I just finished a 5K run, chasing Little Isis on his bike. For those who may not follow me on Twitter, I usually post about my runs using the hashtag #rundouchery and my bike rides with the hashtag #bikedouchery. It makes me really happy that there are now other scientists and science-minded folks that use the hashtags to brag about their workouts. Still, about once every couple of months someone pipes in to ask “Um, why is running [or biking] douchey?”
I thought I would give a bit of history for why I started the hashtags, and maybe encourage some participation from those of you not yet using it.
When I started the hashtag about a year ago I had come to the realization that I had gained about 50 lbs. I’ve written before (Somewhere around here. You all are better at digging in my archives than I am) about the ongoing struggles I’ve had with my weight and how healthy eating and exercise helped me to lose 80 lbs and keep it off for quite a bit. Well, after some struggles getting pregnant and having staph, I gained 20 lbs of it back. Then I finally got pregnant and gained another 20 lbs. Then I had Tiny Diva and, in my overwhelmedness with mothering two children, I gained 10 lbs more. Soon enough, I was firmly in plus sized territory. I can’t disparage anyone for how they look, or their size, but I can tell you that this amount of weight was not healthy for me. My knees hurt and I was short of breath when doing small things.
I knew what I needed to get back to, but it was so hard for me to imagine how I was going to fit fitness into my schedule. I also have the sort of mentality where it is hard for me to be motivated to eat a healthy diet without activity. They seem to be mutually reinforcing. I eat well so that activity feels better and when I feel better I am more motivated to eat well. Still, having the two kids made it so, so, so hard.
The thing is, as an exercise physiologist, I work with athletes. Not casual gym goers. Athletes. These are the sort of folks who train for things and win races. Like me, they have families and I got to thinking about how their lifestyle was different from mine. The biggest difference was that they made their fitness a priority. I was trying to fit it into the nooks and crannies my children left me at the end of the day. Work and children and families are funny little fuckers though. If you let them, they will expand and fill every crevasse of your day and leave you with nothing. Nothing, I tell you.
But some of my colleagues were making fitness and family work for them and I am a believer in learning from others’ examples. We know around my workplace not to look for one of my colleagues between 11 and 2. We know not to schedule meetings during that time. That’s the time that he uses to swim or run when he’s not in clinics. He also rides his bike to and from work every day, ~10 miles each way. I asked him one time how he managed to get everything done when he is spending so much time working out and he looked at me with a puzzled look, as if to say “I just do.”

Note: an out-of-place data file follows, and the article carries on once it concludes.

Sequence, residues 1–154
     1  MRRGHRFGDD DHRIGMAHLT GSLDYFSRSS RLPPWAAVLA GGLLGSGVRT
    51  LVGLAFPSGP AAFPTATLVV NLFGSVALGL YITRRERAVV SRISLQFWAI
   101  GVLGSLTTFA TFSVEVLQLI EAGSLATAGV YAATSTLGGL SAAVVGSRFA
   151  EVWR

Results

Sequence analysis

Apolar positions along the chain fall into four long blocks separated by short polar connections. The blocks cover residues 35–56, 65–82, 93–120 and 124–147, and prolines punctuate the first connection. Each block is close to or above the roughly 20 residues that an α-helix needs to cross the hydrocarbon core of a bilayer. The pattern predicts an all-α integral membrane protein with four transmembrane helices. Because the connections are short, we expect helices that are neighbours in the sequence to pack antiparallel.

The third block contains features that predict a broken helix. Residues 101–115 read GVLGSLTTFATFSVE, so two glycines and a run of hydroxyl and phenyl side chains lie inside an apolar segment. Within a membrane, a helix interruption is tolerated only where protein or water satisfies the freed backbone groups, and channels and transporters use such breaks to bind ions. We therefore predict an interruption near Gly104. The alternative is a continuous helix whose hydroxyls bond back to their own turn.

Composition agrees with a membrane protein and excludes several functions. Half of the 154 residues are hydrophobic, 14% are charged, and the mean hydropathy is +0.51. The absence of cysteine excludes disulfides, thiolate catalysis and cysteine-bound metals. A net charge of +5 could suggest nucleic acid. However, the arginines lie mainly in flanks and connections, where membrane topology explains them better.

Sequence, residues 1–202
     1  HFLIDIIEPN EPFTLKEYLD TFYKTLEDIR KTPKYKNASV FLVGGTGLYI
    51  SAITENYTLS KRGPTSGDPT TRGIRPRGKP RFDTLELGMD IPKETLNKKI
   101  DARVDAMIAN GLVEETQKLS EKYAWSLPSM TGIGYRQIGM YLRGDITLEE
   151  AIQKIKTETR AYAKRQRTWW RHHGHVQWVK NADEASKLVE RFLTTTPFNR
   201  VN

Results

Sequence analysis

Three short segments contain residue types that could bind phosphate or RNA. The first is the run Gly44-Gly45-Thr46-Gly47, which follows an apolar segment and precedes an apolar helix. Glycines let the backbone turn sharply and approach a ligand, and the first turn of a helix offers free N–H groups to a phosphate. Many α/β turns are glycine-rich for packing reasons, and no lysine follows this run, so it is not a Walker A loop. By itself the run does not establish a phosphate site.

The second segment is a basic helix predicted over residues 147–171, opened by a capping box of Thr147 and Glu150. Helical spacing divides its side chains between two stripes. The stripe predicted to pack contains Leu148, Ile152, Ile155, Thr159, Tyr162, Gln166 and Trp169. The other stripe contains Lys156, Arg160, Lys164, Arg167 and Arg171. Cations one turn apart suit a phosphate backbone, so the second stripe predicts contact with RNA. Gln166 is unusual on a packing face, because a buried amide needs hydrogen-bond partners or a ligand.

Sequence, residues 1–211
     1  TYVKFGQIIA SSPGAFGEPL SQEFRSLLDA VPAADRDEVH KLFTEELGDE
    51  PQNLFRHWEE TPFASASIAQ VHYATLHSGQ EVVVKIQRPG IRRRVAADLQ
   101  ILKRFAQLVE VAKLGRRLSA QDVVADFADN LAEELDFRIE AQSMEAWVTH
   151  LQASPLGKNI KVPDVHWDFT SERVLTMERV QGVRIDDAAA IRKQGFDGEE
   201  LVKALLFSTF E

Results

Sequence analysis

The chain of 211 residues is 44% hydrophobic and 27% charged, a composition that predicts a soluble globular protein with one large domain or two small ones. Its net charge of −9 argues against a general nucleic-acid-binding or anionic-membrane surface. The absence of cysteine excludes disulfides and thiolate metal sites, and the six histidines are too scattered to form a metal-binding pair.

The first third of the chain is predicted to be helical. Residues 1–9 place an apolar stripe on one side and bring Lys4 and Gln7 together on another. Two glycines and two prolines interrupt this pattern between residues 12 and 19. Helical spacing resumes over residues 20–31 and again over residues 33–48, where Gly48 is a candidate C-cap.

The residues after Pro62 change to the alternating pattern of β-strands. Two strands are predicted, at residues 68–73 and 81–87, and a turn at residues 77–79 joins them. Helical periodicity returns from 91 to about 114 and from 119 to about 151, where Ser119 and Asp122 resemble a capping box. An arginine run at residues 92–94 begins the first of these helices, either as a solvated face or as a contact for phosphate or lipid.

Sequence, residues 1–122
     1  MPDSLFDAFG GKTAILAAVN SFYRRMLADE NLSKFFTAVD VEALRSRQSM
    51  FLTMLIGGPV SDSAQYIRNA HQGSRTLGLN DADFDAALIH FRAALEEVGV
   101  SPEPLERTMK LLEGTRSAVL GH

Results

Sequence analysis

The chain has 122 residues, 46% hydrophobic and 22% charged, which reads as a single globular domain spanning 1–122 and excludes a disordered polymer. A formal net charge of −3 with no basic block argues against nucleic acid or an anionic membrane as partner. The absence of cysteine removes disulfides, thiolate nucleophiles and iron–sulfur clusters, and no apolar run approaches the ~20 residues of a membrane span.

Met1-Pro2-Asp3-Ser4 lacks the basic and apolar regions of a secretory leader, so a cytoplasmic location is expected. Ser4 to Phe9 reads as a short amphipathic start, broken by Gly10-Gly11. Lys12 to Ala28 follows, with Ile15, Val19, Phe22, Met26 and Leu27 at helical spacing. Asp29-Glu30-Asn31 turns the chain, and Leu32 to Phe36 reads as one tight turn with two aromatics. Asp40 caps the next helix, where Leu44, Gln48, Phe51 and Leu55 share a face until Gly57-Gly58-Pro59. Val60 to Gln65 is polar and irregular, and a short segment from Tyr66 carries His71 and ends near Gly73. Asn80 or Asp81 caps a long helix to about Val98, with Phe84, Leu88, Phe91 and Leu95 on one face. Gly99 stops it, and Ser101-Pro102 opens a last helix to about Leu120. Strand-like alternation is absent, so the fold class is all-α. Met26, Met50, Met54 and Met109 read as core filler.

That attitude boggled my mind and, I will confess, I had always considered those types of athletes to be a little douchey about their fitness. But, I realized that beyond all the gear and inappropriate spandex, these folks were really putting their fitness and well-being first. So, I endeavored to become a little douchey about fitness and thought that I might try to emulate my colleague and bike to work. I also live ~10 miles from work.
I hadn’t ridden a bike in >20 years, but it seemed like a hilarious thing to try. I can’t tell you in retrospect what made me choose biking other than getting back to running at my size was near impossible. I had put on enough weight that I had developed plantar fasciitis in my left foot. I went to Trek because it seemed like the douchiest of the places. I hesitantly rode several bikes around their parking lot, but ultimately bought the middle of the line bike because I was overwhelmed and exhausted and it was within my budget.
A friend helped me plot a map to get to work. The first time I rode to work I did so with my hands clenched so hard on the handle bars, my hands hurt. I also didn’t realize that you were supposed to downshift up a hill and upshift down a hill, doing it backwards, it took me ~2 hours to get to work. At work one of my colleagues chuckled at my cycling mistake, set me straight, and it took me only 45 minutes to get home. I thought I was a stone cold bad ass when I got home that day. That was the day #bikedouchery was born.
Realizing that my bike and car commute took the same amount of time, it was pretty easy to commit to a bike commute while the weather was >40 degrees. As the season moved on I moved into padded shorts and bought proper bike shoes and my douchiness has only escalated exponentially. By the time winter came, I had lost 25lbs and running came much more easily. I ran over the winter to keep my fitness up. Last weekend my friend and I ran 12 miles through a river, through mud, and over ice. We were douchey as hell about it.
Figure 1: That’s me on the trail.
I’ve now lost a little more than 40 of the pounds I gained and I can only credit it to having committed to all of this instead of trying to fit it in. I think my real life friends are tired of hearing about my exploits, and that I can’t go out because I have a date with a run, but that’s now how I roll. The funniest part was that I took my bike down this week for the season and, when I tried to ride it, I realized that it doesn’t feel right any more. It’s fit for a person who is a lot more person. That means a trip to the bike store to get refit and, perhaps, an opportunity to add more spandex to my life.
Douchey as hell.